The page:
Robusta represents about 30% of the world’s coffee production and comes almost entirely from parts of Southeast Asia, Central and Western Africa, and Brazil. These beans are smaller than an Arabica bean, have more caffeine, and are often used in blends and instant coffees.


So how does tea or coffee actually get to your cup? Where does it come from? How long does it take?

While both processes are pretty lengthy, we’ll give you the crib notes so you can get all the fascinating info before you grab another cup of coffee or tea!

Coffee: How It’s Made

The next time you sip your coffee in the morning, consider the long journey each bean takes to grace your cup.

Step One: Harvest the Cherries

There are two ways to harvest coffee:

  1. Strip Picked: All cherries are taken off the branch at one time by machine or hand.
  2. Selectively Picked: Pickers only choose the ripe cherries by hand.

Step Two: Process the Cherries

There are two ways to process the cherries:

  1. Dry Method: The fresh cherries are dried in the sun, turned throughout the day, and covered at night or during rain. This process can last for weeks until the moisture content of the cherries drops to 11%.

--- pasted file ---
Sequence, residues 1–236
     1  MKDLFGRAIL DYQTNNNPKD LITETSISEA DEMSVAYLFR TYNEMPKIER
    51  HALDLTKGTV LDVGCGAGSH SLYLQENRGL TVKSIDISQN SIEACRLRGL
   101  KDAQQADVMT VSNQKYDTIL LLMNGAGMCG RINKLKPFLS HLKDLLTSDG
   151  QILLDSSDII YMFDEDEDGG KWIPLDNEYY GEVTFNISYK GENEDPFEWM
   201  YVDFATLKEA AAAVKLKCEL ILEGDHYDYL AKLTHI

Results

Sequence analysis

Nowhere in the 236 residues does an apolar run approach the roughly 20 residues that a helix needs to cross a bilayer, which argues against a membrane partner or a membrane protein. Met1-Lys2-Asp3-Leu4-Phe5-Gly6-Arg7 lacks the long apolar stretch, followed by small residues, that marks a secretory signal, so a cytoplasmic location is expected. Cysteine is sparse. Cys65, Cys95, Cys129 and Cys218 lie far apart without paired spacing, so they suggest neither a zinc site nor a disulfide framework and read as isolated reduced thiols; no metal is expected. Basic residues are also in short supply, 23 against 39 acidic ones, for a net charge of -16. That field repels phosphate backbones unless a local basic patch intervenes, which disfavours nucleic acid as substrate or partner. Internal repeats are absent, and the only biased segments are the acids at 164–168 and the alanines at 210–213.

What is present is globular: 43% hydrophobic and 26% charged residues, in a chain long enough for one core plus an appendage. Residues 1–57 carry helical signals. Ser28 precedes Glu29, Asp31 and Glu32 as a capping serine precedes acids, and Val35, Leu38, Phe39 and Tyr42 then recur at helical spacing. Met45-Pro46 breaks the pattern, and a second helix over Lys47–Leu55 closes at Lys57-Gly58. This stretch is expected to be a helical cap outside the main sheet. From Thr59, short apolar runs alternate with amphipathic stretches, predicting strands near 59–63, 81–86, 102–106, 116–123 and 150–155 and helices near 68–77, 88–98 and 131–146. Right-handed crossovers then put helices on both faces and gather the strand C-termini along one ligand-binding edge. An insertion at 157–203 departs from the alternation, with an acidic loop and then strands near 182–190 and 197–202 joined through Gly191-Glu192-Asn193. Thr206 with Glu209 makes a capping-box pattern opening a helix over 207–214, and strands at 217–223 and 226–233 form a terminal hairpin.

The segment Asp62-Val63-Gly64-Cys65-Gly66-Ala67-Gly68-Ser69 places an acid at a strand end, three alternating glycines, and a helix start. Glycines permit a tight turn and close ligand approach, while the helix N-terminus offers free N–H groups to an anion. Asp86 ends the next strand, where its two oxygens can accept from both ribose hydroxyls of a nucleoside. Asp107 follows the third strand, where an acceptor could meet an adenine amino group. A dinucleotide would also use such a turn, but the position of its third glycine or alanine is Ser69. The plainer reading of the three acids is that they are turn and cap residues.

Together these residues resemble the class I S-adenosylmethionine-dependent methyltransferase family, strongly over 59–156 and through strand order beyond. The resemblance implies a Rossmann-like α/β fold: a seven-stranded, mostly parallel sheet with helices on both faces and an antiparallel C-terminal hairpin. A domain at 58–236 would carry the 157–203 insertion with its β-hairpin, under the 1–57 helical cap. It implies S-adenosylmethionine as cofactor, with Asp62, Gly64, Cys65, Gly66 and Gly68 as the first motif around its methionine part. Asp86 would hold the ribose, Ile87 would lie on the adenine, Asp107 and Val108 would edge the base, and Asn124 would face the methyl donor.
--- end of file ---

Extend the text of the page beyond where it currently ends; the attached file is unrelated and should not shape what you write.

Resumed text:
2. Wet Method: The fresh cherries have their skin and pulp removed from the bean via a pulping machine.  

After the beans are separated by weight and size, the beans are sent to fermentation tanks full of water. Here, they stay in these tanks until the slick layer that surrounds the bean — called the parenchyma — breaks down.

Step Three: Milling the Beans

If the coffee is wet, machines remove the parchment layer from the bean. If the coffee is dry, machines remove the entire husk of the cherries.

During this step, beans are also sorted, graded, and reviewed — any unsatisfactory beans are removed by hand and/or machinery.

Step Four: Tasting the Coffee

Once the coffee is exported, it gets analyzed for quality and taste in a process called “cupping” — an expert cupper has a palate than can taste the tiniest differences in flavor between the numerous samples each day. This step is where they create the unique roasts and blends we enjoy every morning.

Step Five: Roasting the Coffee

Roasting machines cycle beans at a temperature of over 500 degrees. When the inside of a bean reaches about 400 degrees, it turns brown and releases its fragrant oil — this is what produces the delicious taste and smell of the coffee we love.

Step Six: Grinding Coffee

Then, the roasted coffee beans are ground to deliver the most flavor possible into your drink.

Tea: How It’s Made

As you watch the tea leaves dance in the water, think about the incredible steps each leaf takes to unleash its full flavor and aroma.